I'm going to outline a two methods to increase blood volume.

Eccentric Cardiac Hypertrophy:

The goal is to improve the ability of your heart to deliver oxygen and develop more blood vessels peripherally.  The work your doing stimulates eccentric cardiac hypertrophy.  You get a bigger left ventricle.  This gives you the ability to pump out more blood per heart beat.  

The bigger heart allows you to pump out more blood with less heart beats, so less work.  This allows more oxygen to your muscles.  More oxygen equals better aerobic capabilities.  

This is best developed by staying in a heart rate about 130-150bpm.  The session has to last at least 30 min with 60-90 being the optimal period.  If you currently have a resting heart rate in the 60-70s, this would be a good type of training to engage in.  If your returning to training after a long lay off, again this would be a great place to start.  

Now, if you go over the 150bpm, you are doing to much intensity.  What happens physiologically is that you don't give your heart enough time to fill up with enough blood to cause a stretching thus causing the eccentric hypertrophy to occur.  

Concentric Cardiac Hypertrophy:

So now if you start going over 150bpm what happens?  Well it depends!  If you apply the correct stress/reps/rest you get thicker walls of the heart. 

The goal again is to increase how much blood can be pumped.  Instead of getting a bigger left ventricle where it can push out more volume, you get a thicker heart with stronger contractions which can push out more volume. There seems to also be an increase in the number of mitochondria in the heart as well.  

These adaptations come into importance when the intensity of your activity increases.  This improves the power endurance of your heart.  

This adaptation is best developed by going all out (heart rate as high as possible)  for 60-120 seconds and then resting for up to 5 min with keeping your heart rate around 120-130.  If it takes shorter or longer you start the next rep when your heart rate reaches the targeted number.  

This is again information I've been reading about through Joel Jamiesons Ultimate MMA Conditioning and some other materials.  The big takeaway is that you should know the goals of your training.  Know the adaptations your trying to achieve.  Know how to achieve those adaptations.  Good luck.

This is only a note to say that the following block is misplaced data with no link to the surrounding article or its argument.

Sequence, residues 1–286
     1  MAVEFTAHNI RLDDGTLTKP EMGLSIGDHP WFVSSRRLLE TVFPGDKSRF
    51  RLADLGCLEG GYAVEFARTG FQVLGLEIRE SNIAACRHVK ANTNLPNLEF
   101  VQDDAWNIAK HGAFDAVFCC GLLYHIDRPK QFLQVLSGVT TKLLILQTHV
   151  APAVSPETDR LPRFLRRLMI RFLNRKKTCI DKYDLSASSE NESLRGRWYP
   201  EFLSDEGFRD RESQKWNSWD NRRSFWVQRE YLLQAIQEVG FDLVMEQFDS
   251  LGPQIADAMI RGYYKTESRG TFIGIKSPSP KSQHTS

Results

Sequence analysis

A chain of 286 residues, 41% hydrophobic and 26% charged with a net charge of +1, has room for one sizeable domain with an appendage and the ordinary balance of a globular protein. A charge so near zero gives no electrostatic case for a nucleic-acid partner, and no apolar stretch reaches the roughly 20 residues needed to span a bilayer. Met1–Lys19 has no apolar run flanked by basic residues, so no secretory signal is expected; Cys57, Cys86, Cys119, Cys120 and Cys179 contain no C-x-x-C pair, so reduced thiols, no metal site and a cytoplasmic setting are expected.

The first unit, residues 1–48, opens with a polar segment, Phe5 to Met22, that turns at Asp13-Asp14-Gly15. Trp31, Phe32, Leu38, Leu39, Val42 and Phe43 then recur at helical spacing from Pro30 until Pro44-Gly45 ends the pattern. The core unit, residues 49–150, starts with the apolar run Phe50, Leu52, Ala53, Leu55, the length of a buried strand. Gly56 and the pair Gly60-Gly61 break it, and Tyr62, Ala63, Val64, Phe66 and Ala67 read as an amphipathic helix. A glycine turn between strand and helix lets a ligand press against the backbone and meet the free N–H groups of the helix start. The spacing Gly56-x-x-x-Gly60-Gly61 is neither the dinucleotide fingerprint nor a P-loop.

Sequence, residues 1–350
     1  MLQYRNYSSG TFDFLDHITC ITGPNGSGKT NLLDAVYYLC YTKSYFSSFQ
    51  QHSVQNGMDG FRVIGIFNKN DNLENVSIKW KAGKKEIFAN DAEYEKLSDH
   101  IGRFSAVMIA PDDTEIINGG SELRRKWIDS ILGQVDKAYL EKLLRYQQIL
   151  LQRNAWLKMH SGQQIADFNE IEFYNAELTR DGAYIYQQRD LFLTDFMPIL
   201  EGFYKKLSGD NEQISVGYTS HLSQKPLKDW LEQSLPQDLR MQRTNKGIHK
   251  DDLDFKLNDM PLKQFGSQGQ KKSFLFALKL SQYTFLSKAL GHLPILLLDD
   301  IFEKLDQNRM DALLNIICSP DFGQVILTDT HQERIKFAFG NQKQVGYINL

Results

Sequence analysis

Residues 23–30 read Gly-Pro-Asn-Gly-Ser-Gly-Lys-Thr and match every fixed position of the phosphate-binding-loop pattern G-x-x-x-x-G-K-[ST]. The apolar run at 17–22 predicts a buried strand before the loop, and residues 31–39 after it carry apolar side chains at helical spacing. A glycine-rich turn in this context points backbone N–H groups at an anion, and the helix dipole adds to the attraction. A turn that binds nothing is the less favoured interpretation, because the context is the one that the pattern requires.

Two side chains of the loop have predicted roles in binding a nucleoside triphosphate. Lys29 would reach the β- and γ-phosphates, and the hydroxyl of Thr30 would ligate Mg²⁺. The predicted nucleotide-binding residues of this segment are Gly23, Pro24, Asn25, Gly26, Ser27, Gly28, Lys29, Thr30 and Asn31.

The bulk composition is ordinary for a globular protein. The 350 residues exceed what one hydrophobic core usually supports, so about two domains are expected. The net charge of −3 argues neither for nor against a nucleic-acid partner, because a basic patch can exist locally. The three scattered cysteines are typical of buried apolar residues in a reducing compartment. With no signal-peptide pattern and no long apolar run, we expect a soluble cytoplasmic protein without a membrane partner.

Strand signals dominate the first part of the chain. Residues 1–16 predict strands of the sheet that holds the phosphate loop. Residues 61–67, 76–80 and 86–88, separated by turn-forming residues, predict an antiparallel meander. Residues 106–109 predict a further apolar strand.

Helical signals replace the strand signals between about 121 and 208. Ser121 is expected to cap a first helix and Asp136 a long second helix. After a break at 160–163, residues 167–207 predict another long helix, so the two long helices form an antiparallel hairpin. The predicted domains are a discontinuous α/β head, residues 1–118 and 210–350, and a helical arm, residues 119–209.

Saturday, July 2, 2011

Don't Go Further, Go Faster

The more I read foreign translated articles and books about strength training and the more I get to talk and interact with a few foreign coaches, the more I see a different paradigm when it comes to endurance training.

In the US, I predominately see a go further attitude.  Other places it's a go faster attitude.  Time and time again, for example,  I will get a patient in that wants to run their first 5k or reach 40 miles in a week.  They may have some  setbacks, but eventually they reach their goal.

What happens next, I've observed,  is quite interesting.  Predominately, most will then say, I want to do a 10k or hit 45 miles next.  I've had very few people say, I want to run faster.

Here's the thing, you can go further, without really getting better as a runner.  You cannot run faster without getting better as a runner.  To run faster, you have to get stronger, get more energy efficient, improve biomechanics or some kind of combination.

Now I didn't say you wouldn't get better if you ran further, but it's not guaranteed.  Run faster though, it is guaranteed.  So go get faster!

Friday, July 1, 2011

Health Talk: Deskbound by Kelly Starrett

This is an excellent talk. This is essentially a ton of information that I try to teach my patients. Shoulder/Hip mobility and strength. Ergonomics. Dehydration and water, one nifty trick to find out if you are dehydrated. How to take care of yourself. Highly recommended.